Recently, Malaysia’s Budget 2010 has created quite a bit of negative reactions within the public, especially the property people.  What has caused this reaction?

Prior to 1 April 2007, Real Property Gains Tax (RPGT) has been in effect for quite some time already, and during that time, the RPGT rates are as follows:

Duration between Year of disposal and Year of Acquisition RPGT Rates

For Companies

RPGT Rates

For Individuals

2 years and below 30% 30%
3 years 20% 20%
4 years 15% 15%
5 years 5% 5%
Above 5 years 5% 0%

Real Property Gains Tax (RPGT) rates in Malaysia prior to 1st April 2007

In summary, the RPGT during that time was applicable to all companies that disposed their properties, regardless of the duration of ownership.  As for individuals, there will be no RPGT is disposed after owning more than 5 years.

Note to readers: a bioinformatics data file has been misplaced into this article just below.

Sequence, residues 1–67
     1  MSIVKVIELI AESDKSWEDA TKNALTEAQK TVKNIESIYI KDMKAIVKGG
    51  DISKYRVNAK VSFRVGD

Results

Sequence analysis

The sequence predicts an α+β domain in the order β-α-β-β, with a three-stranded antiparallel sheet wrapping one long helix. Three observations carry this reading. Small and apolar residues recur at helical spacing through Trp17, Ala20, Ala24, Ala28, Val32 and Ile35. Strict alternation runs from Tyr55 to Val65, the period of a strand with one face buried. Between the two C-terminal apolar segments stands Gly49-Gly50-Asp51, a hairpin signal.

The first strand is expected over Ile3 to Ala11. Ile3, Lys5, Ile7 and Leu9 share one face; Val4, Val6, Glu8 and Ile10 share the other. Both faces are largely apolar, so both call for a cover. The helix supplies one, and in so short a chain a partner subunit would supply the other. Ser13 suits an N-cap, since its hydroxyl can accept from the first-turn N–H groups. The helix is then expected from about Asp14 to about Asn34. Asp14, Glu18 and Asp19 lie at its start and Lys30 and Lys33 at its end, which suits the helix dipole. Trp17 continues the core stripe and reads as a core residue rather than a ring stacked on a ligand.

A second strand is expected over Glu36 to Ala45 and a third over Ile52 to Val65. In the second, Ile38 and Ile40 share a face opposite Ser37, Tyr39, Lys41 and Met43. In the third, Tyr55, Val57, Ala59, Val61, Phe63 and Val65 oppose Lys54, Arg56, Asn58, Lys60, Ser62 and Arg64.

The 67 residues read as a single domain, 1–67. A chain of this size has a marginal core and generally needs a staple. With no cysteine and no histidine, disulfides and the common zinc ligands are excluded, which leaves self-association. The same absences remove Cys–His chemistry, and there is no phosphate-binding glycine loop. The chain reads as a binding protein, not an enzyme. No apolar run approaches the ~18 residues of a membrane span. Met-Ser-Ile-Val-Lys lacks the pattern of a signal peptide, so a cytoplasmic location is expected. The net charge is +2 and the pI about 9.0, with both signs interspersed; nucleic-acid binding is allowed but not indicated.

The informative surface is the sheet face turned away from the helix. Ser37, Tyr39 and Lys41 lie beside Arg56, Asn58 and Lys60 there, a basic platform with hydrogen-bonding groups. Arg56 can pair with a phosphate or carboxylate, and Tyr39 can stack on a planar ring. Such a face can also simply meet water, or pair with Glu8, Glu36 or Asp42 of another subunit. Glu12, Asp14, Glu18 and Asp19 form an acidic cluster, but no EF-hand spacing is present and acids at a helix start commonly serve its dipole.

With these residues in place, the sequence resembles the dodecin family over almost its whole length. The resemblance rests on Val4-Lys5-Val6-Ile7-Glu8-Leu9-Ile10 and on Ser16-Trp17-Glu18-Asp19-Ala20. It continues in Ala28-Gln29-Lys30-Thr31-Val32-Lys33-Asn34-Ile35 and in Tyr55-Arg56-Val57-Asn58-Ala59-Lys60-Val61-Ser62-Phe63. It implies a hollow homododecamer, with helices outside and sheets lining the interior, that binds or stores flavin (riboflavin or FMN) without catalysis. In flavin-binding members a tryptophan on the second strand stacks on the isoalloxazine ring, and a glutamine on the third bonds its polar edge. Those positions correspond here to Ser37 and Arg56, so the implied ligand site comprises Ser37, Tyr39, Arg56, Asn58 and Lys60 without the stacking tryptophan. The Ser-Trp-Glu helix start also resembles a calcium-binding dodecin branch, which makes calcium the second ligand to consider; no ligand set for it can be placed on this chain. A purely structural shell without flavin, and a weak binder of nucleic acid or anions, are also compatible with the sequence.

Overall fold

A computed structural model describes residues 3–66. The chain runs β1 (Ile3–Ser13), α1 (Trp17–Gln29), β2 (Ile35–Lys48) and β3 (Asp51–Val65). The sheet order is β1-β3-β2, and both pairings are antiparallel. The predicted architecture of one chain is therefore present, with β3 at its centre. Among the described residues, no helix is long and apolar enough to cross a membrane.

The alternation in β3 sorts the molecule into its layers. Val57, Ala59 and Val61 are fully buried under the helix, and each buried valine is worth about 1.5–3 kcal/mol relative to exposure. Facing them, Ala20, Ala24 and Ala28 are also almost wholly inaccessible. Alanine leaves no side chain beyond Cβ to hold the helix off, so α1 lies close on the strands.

Due to the weak economy in 2006 and 2007, the government announced exemption of RPGT across the board, meaning for companies and individuals, and ignored the ownership period.  Exemption means “ignoring” the RPGT Act, not removing the Act.  All Malaysian citizens and companies lauded this move, and supported this exemption because the simple fact is, they benefit.

Now, in Budget 2010, this exemption is lifted.  RPGT will return effective 1 January 2010.  However, the RPGT rates have generally been lowered as followed:

Duration between Year of disposal and Year of Acquisition RPGT Rates

For all categories of owners

RPGT Rates

For Non-Citizen and Non PR Individuals

5 years and below 5% 30%
Above 5 years 5% 5%

Real Property Gains Tax (RPGT) rates in Malaysia starting January 1st, 2009

Companies and Malaysian individuals will share the same RPGT rates, fixed at 5%.  This is the part that caused dissatisfaction among the Malaysian individuals as it becomes more expensive for owners to sell their properties.

Furthermore, it is even harder for property companies to sell their properties as house buyers have slowed down their buying spree, especially those speculative house buyers who have intention to flip their properties.  Their costing have changed.